The low cost CubeSat approach to satellite design is growing rapidly in popularity and over 75 Cubesats have reached space already. Most of these have come from colleges, universities and small companies. Now even a K-8 school is building one: Young students aim to be among first to launch small satellite – SlashGear.
Students at St. Thomas More Cathedral School in Arlington, VA are aiming to be a part of a milestone. The school is looking to become the first K-8 school to launch a “CubeSat” satellite into space. The proposed satellite that the students will build would be four inches long in all directions and would weigh around three pounds.
The project has to be approved by NASA, but if the school gets clearance, the satellite will have a planned launch date sometime later in 2014. The CubeSat satellite that St. Thomas More students have planned will be designed to take photographs and temperature readings, and have them beamed back to the school on Earth.
The International Space Apps Challenge is underway this weekend.
The International Space Apps Challenge is an international mass collaboration focused on space exploration that takes place over 48-hours in cities around the world. The event embraces collaborative problem solving with a goal of producing relevant open-source solutions to address global needs applicable to both life on Earth and life in space. NASA is leading this global collaboration along with a number of additional government collaborators and 100+ local partner organizations.
See the 50 challenges here. And the locations around the world where the teams are competing.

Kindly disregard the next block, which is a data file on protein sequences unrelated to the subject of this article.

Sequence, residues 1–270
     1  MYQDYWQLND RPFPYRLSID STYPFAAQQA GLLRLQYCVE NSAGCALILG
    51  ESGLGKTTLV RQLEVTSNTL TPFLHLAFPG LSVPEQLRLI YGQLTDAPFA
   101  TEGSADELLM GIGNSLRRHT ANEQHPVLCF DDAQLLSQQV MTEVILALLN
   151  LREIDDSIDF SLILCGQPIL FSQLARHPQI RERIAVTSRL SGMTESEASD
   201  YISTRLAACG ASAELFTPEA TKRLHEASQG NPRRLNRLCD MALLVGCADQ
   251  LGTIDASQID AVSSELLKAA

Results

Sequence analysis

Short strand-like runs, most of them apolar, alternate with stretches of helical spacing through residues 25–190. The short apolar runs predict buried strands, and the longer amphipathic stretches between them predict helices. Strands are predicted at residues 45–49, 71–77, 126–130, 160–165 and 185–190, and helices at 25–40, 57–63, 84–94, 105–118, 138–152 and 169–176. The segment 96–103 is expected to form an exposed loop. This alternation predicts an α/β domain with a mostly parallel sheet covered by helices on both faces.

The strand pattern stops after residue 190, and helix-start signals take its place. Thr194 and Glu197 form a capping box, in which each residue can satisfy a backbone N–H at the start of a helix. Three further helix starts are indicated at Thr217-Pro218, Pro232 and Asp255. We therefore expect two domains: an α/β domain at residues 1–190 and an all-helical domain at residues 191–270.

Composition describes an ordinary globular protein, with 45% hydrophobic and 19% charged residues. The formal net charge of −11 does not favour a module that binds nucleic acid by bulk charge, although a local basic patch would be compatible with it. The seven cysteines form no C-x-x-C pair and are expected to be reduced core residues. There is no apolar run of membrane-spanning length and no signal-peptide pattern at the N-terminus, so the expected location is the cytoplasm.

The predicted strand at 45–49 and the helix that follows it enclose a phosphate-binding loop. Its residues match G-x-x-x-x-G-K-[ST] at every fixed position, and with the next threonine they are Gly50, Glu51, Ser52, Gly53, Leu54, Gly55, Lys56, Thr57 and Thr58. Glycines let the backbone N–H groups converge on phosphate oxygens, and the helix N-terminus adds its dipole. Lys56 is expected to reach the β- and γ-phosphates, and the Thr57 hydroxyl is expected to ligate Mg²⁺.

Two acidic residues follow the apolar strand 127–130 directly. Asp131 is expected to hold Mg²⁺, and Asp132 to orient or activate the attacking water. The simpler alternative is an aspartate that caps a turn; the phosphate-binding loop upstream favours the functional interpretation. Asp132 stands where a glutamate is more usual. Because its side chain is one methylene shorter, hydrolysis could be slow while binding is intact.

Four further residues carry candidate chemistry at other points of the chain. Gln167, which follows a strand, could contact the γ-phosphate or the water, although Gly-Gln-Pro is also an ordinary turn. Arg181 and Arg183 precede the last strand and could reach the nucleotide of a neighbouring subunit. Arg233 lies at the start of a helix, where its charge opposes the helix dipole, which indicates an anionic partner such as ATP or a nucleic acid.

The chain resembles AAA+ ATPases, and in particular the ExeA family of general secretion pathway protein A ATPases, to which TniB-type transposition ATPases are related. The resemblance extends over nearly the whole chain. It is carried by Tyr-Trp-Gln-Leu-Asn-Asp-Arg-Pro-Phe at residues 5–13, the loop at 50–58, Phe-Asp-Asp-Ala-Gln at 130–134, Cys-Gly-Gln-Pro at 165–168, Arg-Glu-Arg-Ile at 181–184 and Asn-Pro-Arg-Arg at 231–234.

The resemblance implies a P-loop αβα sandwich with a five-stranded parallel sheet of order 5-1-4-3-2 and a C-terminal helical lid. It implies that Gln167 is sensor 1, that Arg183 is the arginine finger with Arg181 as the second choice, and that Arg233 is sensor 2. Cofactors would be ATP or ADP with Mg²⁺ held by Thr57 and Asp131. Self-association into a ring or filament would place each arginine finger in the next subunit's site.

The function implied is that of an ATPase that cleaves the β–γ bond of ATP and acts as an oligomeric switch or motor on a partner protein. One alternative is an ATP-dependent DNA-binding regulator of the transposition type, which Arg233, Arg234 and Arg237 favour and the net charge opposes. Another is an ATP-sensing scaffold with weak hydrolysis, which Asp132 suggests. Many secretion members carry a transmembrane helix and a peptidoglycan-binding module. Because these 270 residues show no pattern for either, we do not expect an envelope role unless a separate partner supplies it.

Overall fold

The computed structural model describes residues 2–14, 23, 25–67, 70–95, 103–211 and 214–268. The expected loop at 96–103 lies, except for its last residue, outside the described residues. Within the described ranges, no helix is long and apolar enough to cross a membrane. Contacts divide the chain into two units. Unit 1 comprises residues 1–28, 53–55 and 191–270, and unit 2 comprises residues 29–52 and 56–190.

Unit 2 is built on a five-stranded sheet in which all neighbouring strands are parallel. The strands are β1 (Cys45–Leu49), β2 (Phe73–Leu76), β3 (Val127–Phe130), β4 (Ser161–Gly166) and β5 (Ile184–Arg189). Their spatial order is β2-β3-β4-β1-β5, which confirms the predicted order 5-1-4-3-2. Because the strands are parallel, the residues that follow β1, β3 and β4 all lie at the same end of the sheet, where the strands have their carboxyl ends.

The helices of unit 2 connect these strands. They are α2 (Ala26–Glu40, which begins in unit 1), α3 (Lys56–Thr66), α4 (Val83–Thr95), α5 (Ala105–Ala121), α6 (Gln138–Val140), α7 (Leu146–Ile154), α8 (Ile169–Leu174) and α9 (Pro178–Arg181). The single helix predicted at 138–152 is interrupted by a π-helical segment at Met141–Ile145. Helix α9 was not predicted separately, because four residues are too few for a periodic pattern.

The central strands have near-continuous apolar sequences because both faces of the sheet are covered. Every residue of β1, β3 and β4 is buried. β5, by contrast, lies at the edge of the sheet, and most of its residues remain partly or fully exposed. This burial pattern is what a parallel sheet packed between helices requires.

NASA Robonaut Challenge is also happening this month. It challenges programmers to code a couple of particularly useful tasks for the humanoid-like Robonaut 2 on the ISS.
Ed Wright endorses the modest sized challenge competitions like those above but says NASA should also continue to support important major challenges with big prizes as they did with the Lunar Lander Challenge competition: Robonaut Programming Challenge – CitizensInSpace.org
This episode of This Week @NASA reports on:
The Antares rocket remains at the Mid-Atlantic Regional Spaceport’s Pad 0-A at Wallops Flight Facility — awaiting launch on its first test flight under NASA’s Commercial Orbital Transportation Services, or COTS program. Orbital Sciences Corporation canceled the countdown during Wednesday’s initial launch attempt when a data umbilical connection prematurely separated from the rocket. On this demonstration flight, Antares will carry a simulated Cygnus spacecraft to orbit. The real Cygnus will deliver cargo to the International Space Station. Also, Orion’s Progress , Gathering for Impact!, Three More Planets for Kepler , Station Spacewalk, Moonbuggy Preps, Hubble’s Infrared Horsehead and more!
In this video Canadian astronaut Chris Hadfield on the ISS performs
a simple science experiment designed by grade 10 Lockview High School students Kendra Lemke and Meredith Faulkner. The students from Fall River, Nova Scotia won a national science contest held by the Canadian Space Agency with their experiment on surface tension in space using a wet washcloth.
Here are some reports on the planetary science and education parts of the administration’s proposed NASA budget for 2014: